Both Singletary and Gore can offer somewhat consistent fantasy value as long as Yeldon remains a healthy scratch. Still, the presence of Josh Allen under center will continue to limit the ceiling of any RB involved in this offense. Only Lamar Jackson, Kyler Murray and Dak Prescott have more rushing yards than Allen on designed runs this season among all QBs, while Allen's 172 scramble yards trail just Jackson, Gardner Minshew and Deshaun Watson.
The Bills' status as 9.5-point home favorites for their Week 9 matchup against the Redskins sets up better for Gore than Singletary, although both RBs can be treated as upside RB3 options in this potential smash spot.
The offense will continue to almost completely revolve around McCaffrey, who converted "just" 18 touches into 155 total yards and a score during last week's massacre against the 49ers.
The Panthers' featured offensive weapon has easily been the league's most-productive RB after eight weeks of action:
- Rushing yards per game: 105 (No. 2 among all RBs)
- Receiving yards per game: 49 (No. 3)
- Total yards per game: 154 (No. 1)
- Touchdowns: 10 (No. 2)
- Yards per carry: 5.21 (No. 6)
- Yards per route run: 1.66 (No. 11)
- PPR: 208.8 (No. 1)
- RB1: David Montgomery (57% snap rate, 16.9 opportunities per game)
- RB2: Tarik Cohen (46%, 10)
- RB3: Mike Davis (15%, 3.2)
Notes: Montgomery got back to working as the offense's featured RB during his breakout Week 8 performance:
- Week 1: 38%
- Week 2: 45%
- Week 3: 65%
- Week 4: 69%:
- Week 5: 54%
- Week 6: Bye
- Week 7: 46%
- Week 8: 73%
Coach Matt Nagy held true to his promise to run the ball more often, feeding the Bears' third-round rookie a season-high 27 carries. Montgomery also had a season-high four receptions, making him one of just seven players to reach 30 touches in a game this season.
Fire up Montgomery as an upside RB2 with this type of usage, while Cohen (7 touches on season-low 21% snap rate) is off the fantasy radar as a true backup for the first time in his career.
Davis hasn't played even 15% of the offense's snaps since Week 2 and remains a non-factor in this backfield.
Notes: Last season Mixon played at least 65% of the offense's snaps in 11-of-14 games. He's reached that mark exactly zero times in 2019.
Both of Mixon's touchdowns over the past two weeks have come on well-designed pass plays near the goal line. Still, he nearly has as many games with fewer than four targets in 2019 (5) as he had in all of 2018 (6).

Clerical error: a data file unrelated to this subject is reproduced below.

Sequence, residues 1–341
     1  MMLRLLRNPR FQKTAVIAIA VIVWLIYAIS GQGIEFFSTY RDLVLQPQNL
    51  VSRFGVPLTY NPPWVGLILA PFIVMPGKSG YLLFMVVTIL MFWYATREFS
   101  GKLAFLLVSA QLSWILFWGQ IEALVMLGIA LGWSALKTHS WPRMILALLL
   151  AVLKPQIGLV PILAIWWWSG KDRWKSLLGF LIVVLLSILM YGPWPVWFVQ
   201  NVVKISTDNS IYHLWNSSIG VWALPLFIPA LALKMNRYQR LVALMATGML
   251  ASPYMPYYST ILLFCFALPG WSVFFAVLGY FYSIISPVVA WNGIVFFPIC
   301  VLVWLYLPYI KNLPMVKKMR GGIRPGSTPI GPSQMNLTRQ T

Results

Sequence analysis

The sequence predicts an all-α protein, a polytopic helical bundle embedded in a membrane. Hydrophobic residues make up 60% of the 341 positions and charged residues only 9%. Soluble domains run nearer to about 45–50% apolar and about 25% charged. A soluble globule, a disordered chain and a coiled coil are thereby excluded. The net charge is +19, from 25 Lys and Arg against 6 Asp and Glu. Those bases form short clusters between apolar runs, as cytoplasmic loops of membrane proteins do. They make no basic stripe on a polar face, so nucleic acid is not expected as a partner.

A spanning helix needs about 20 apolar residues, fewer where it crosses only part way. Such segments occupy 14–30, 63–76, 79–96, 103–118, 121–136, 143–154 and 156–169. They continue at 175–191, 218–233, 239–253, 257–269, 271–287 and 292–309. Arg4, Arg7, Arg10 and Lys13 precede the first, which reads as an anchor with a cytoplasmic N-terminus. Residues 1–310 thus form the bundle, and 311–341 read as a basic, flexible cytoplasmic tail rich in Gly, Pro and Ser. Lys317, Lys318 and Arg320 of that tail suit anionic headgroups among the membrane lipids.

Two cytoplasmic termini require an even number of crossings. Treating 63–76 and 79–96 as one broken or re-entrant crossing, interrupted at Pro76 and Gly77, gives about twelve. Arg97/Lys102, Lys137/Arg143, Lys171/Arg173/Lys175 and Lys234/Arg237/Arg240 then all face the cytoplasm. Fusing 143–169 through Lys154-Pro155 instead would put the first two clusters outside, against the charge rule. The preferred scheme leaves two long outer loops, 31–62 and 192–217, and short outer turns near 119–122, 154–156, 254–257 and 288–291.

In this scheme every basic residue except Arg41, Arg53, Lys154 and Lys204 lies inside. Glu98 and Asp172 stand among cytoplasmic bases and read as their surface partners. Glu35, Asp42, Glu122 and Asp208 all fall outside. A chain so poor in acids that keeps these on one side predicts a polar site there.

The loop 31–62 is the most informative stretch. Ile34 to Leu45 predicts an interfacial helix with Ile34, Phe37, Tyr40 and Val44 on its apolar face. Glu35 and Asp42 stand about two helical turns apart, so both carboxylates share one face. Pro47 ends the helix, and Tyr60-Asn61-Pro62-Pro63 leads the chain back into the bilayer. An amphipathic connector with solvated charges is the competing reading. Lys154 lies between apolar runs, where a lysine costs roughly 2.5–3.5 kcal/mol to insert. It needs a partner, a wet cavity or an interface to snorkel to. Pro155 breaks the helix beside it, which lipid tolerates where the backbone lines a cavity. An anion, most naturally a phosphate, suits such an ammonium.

Fantasy owners could do worse than a talented back with the chance to rack up anywhere between 10-20 touches in most games, but don't expect a committee RB with minimal pass-game work behind the league's worst offensive line in adjusted line yards per rush to serve as anything more than an upside RB3 more weeks than not.
Bernard has yet to reach double-digit touches in a game this season despite playing between 32-63% of the offense's snaps in every game. He's nothing more than a thin handcuff inside of the league's 29th-ranked scoring offense.
- RB1: Nick Chubb (75% snap rate, 23 opportunities per game)
- RB2: Dontrell Hilliard (17%, 3.3)
- RB3: D'Ernest Johnson (9%, 1.6)
Notes: Chubb had one fumble in his first 346 career touches before coughing up the ball on each of his first two chances against the Patriots last week. The Browns (rightfully) continued to feature their workhorse to the tune of 21 touches despite the turnovers.
Chubb is the overall PPR RB6 after eight weeks. Still, the Browns featured Chubb on at least 80% of the offense's snaps in Weeks 3-6 in non-blowouts ... but his 63% snap rate last week isn't a good sign of things to come in negative game script situations.
That's because Kareem Hunt is due back in Week 10. The former-Chiefs RB is in a different stratosphere than Hilliard and Johnson when it comes to receiving ability, as he was regularly utilized both in the screen game and as a legit downfield threat under Andy Reid's guidance in Kansas City. Hunt is also simply too talented to be completely relegated to the bench considering he led the league in broken tackles in 2017 and was on pace to do so again in 2018 (PFF).
Chubb has been the only consistent bright spot on the Browns this season and is one of just nine RBs averaging over 3.5 yards after contact per rush (PFF). It'd be shocking to see him average anything fewer than 15-20 touches per game once Hunt is back, but the consistent three-down role that fantasy owners have been hoping for is unlikely to come to fruition anytime soon.